Being impressed with a gimmick like this, of course, is like saying the special effects were good in a film. It is to miss the wood for the trees.   The test is the music whether it plays forwards or backwards. And that is a test that Lazeretto passes with flying colours, even if not quite in the same league as White’s solo debut, Blunderbuss . With the continued astonishing output of Third Man records (who have three entries in my Top 50), with both new artists and old, and his own output White is in my view the most vital artist currently recording.

The opener Three Women sounds a bit early 1970s film soundtrack-like as it opens – reminiscent of Curtis Mayfield’s soundtrack to Superfly or even Lalo Schifrin. This hints at one of the things that Lazeretto has over Blunderbuss and that is the variety of influences and styles.   Blunderbuss was firmly in the White Stripes’ stripped black blues tradition (with a bigger band). Lazeretto, on the other hand has the bluegrass of Temporary Ground, country of Entitlement, Ennio Moriccone flourishes of the opening of Would You Fight For My Love?, as well as the blues rock that we have come to associate with Jack White.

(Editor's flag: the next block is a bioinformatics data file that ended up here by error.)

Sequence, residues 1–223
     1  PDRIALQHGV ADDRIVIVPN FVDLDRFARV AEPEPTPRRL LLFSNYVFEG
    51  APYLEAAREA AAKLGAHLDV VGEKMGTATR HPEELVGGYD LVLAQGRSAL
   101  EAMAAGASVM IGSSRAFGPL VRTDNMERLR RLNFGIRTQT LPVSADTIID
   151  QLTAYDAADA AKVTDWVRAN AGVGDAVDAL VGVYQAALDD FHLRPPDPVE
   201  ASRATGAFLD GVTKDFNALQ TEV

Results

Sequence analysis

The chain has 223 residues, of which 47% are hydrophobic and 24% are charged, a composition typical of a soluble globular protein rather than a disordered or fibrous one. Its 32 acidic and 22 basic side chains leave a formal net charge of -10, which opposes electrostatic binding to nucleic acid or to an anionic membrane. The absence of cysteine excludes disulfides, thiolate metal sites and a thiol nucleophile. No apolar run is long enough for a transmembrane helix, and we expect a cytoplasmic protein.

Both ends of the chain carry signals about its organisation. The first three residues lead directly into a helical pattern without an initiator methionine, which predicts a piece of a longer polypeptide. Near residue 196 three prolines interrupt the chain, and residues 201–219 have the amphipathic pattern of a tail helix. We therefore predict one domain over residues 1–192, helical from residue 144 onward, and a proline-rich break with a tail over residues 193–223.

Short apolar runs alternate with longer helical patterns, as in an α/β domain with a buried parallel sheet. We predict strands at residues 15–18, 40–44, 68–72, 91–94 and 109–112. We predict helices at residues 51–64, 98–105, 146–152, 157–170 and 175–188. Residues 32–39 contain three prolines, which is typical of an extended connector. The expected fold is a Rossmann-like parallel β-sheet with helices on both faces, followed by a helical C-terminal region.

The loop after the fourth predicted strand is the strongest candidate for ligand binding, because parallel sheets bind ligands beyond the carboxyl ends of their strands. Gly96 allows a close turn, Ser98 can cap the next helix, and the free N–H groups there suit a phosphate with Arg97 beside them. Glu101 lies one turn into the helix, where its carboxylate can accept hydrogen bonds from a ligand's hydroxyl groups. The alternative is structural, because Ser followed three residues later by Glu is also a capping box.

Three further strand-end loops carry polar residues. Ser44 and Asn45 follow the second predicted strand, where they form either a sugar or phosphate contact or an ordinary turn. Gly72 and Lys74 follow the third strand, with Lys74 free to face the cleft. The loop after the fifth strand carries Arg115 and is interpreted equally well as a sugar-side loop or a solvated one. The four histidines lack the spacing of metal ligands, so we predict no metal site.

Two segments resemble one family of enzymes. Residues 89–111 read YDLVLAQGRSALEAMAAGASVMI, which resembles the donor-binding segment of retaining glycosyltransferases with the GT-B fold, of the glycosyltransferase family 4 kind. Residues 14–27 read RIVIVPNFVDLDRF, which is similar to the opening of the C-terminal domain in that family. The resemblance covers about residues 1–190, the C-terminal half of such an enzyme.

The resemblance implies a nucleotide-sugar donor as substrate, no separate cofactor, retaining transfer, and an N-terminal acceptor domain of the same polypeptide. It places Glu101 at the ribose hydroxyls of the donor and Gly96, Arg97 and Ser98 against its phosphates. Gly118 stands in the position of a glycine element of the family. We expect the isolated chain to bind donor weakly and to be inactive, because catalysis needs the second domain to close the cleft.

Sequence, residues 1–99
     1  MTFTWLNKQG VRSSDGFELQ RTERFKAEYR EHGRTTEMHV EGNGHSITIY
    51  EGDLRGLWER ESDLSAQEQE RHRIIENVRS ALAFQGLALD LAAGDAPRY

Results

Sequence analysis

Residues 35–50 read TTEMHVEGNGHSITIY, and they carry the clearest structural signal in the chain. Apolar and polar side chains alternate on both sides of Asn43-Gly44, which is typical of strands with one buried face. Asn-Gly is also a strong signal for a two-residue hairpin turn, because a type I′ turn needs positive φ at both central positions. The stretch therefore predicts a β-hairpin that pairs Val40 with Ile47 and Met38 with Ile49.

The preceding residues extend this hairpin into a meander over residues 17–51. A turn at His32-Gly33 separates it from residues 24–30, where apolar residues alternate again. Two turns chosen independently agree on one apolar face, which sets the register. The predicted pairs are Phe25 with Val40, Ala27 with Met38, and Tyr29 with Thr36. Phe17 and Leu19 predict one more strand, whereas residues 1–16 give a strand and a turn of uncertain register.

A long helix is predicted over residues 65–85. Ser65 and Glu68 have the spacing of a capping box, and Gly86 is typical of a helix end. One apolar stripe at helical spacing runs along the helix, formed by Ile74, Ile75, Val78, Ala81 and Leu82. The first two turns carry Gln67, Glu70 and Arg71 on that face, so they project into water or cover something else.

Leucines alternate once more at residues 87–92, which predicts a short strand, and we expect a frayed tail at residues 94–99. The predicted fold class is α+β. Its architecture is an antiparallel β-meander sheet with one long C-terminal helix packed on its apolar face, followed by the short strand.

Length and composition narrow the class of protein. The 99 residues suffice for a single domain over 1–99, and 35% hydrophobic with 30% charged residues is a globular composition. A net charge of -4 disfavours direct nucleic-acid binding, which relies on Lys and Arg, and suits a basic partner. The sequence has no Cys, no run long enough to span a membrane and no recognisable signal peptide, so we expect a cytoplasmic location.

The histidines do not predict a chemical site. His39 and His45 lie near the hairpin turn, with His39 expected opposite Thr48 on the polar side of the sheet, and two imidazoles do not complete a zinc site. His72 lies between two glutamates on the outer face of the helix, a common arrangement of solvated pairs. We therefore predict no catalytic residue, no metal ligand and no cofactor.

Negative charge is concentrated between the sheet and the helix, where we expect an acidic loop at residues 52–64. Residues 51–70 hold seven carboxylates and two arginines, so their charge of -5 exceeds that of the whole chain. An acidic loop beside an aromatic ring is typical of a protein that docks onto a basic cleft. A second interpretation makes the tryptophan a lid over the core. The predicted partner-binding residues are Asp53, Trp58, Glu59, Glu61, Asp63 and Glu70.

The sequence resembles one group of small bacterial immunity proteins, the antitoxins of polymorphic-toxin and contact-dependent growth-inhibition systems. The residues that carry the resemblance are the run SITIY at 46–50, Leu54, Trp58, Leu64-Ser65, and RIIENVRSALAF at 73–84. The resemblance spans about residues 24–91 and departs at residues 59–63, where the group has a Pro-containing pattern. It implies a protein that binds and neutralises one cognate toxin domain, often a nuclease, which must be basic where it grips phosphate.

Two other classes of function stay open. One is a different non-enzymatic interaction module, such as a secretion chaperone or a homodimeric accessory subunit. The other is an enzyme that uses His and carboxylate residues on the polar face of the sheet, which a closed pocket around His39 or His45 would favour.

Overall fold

32. Tweedy – Sukierae

Wilco’s Jeff Tweedy set out to make an album with his 18 year old son and drummer, Spencer. During the recording Tweedy’s wife, the Suki Rae of the title wasTweedy Sukirae diagnosed with lymphoma.

The emotional impact of that diagnosis made the album an intensely personal, emotionally piercing and reflective set of songs, exploring love, family and and the real potential for devastating loss. ‘No one could protect you from the blood in your own veins’ sings Tweedy in Hazel.

Some songs feel like we are entering into a private conversation between the couple (‘I want to watch you growing old and dumb, I want to see what you and I become’ he sings on Where My Love), though Tweedy keeps most of the album abstract and tangential to his wife’s illness, even if it is the unavoidable subject matter at its heart. The fact that Spencer is on drums on all of this makes it all the more poignant.